string $my_selection[] = ls -selection;

That’s how you get the selection. Period. If there’s only one object selected, its name will be in the variable $my_selection[0] once you’ve done that.

– Mark


mark: plug plug plug!!

Gremlin: Once you’ve got your head round the basics of MEL, the best way to accomplish what you want to achieve is use the sript editor:

First save your scene. Take you character and actually do all the steps once by hand. When you’ve finished, open up the script editor, and all the commands used to do your process will be there. Copy the contents of the script editor out into notepad, then open up your scene again. Paste the script that’s in notepad into the script editor and run it. Maya should now do the whole process for you (you might have to select your character first).

Now to make it work for any character you want you have to do some graft. Go through the script that you’ve got and learn about each command from the documentation: parameters and values it takes etc.

A lot of the stages that you’ve got so far will probably depend on you having the right object selected, which is not good. A lot of MEL commands will work by default on the selected object, but you can also pass them the name of the object you want to operate on as the last parameter. It is also important to note that commands that create or alter shapes will return the name of the node they create. So using this functionality you feed the result of one stage into the next like so:

$result1 = stage1Cmd -params values $someObjectIAmChanging;
$result2 = stage2Cmd -params values $result1;
$result3 = stage2Cmd -params values $result2;

And so on ad finitum.

After some sweating and cursing you should now have a script you can apply to any object to do the exact process you did by hand right at the start. So now you have to go back and make it interactive.

The simplest way to do this is to wrap the script up in a proc, to which you pass a long list of parameters that will control the final look (it’s a good idea to do this from the start, to localise your variables otherwise you can get bugs that will force you to restart Maya before you can use the script again).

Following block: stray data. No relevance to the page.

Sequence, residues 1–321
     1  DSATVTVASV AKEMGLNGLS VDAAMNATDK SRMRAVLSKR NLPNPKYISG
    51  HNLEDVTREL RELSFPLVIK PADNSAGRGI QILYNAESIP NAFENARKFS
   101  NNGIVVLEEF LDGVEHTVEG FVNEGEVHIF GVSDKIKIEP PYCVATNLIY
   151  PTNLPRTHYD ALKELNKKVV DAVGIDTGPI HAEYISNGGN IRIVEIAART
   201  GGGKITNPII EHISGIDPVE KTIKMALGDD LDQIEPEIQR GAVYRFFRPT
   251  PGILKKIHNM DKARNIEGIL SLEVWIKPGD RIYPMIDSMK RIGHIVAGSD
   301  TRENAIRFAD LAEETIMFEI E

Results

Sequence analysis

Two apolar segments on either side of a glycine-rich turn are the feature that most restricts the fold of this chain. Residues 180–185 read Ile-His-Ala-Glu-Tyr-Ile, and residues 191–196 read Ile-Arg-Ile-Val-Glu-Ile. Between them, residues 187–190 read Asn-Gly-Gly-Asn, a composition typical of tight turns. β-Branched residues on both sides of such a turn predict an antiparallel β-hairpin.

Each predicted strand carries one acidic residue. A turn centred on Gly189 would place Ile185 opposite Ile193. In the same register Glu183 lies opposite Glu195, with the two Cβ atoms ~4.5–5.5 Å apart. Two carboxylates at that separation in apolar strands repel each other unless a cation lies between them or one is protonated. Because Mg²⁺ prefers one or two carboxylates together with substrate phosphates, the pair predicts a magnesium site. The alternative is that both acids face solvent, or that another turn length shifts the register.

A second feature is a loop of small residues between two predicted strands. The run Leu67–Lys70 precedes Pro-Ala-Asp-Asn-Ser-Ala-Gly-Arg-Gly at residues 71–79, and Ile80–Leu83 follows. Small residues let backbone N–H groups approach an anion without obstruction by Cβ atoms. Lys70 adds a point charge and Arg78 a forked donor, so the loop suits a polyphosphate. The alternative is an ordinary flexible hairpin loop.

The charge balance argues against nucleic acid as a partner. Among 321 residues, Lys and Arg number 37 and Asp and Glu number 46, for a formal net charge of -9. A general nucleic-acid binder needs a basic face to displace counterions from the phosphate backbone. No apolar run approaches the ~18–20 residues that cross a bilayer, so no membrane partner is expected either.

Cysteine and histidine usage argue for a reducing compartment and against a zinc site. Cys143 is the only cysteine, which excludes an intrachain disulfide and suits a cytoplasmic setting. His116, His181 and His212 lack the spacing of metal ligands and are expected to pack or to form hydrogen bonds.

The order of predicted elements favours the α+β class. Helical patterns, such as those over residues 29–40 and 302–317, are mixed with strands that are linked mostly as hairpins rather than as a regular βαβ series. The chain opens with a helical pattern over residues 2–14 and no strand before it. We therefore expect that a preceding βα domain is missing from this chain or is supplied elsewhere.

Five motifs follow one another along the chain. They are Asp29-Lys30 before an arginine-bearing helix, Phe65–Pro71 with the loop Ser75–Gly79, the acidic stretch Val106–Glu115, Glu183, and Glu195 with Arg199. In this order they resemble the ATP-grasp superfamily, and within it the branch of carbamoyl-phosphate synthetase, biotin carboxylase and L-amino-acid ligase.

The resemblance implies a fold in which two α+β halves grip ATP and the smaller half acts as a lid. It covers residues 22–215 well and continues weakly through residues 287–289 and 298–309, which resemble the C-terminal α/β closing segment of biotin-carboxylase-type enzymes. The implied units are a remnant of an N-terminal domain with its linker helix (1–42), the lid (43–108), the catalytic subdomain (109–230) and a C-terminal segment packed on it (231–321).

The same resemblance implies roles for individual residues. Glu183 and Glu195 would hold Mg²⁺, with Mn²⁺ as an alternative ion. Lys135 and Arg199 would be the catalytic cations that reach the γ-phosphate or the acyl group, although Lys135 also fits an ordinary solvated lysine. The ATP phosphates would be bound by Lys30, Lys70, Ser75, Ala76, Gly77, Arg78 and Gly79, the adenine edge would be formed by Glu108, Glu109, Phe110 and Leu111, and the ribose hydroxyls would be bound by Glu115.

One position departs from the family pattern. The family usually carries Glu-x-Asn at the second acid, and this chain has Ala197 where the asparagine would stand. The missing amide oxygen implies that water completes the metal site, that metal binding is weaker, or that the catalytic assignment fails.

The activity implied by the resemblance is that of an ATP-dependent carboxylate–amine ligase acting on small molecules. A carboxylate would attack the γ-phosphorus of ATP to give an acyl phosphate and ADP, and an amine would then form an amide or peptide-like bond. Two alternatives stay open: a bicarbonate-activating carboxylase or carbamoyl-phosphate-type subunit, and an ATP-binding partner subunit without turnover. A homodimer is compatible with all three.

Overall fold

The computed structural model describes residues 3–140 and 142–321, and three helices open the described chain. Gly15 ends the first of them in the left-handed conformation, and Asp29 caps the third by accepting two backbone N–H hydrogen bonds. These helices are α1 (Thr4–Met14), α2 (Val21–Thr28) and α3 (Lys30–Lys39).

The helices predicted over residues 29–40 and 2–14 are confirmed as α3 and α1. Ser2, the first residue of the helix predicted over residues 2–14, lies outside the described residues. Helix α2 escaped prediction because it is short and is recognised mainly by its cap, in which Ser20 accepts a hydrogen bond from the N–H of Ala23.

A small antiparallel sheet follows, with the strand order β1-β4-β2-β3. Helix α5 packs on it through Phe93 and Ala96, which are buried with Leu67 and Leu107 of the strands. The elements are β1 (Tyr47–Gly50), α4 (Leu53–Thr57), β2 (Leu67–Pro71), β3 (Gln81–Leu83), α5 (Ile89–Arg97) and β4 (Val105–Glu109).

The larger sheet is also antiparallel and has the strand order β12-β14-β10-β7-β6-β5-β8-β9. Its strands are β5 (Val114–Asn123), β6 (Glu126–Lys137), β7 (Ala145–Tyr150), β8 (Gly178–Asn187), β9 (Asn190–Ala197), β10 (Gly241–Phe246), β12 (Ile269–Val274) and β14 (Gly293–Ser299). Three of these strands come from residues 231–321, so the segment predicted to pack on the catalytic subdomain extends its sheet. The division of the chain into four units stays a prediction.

The best way to do this is to make a UI, which is a whole other topic in itself! Instead of passing a bunch of parameters in at execution-time, you give the user a UI with sliders and input fields that are connected by direct connections or expressions to attributes on the nodes you create and allow the user to modify the effect and watch the results unfold before them.

What you want to do is certainly possible, and is not very difficult once you know a bit of MEL, but I think you’re going to have to invest a little time in learning MEL first. It could be a good idea to invest in a book such as “MEL Scripting for Maya Animators”

Good luck!:slight_smile:


I hope you’ll agree with me that the original poster could benefit from some exposure to working scripts at this point.

Anyway, I’m not sure what any of what you said has to do with finding what’s selected, but it’s all good information. :smiley:

– Mark


yeah, buy mark’s book…it helped me a great deal. oh and then buy the david gould book, it goes into C++ stuff, which is what your interested in anyway. but start with mark’s, because he’s such a cool guy :wink:



I realize it may not be the best starting point to really get into MEL, but it’d be really helpful in my up coming animation (thus, the reason I asked)

but, I will get myself a MEL book, ill check out that mark book… thanks for everything guys.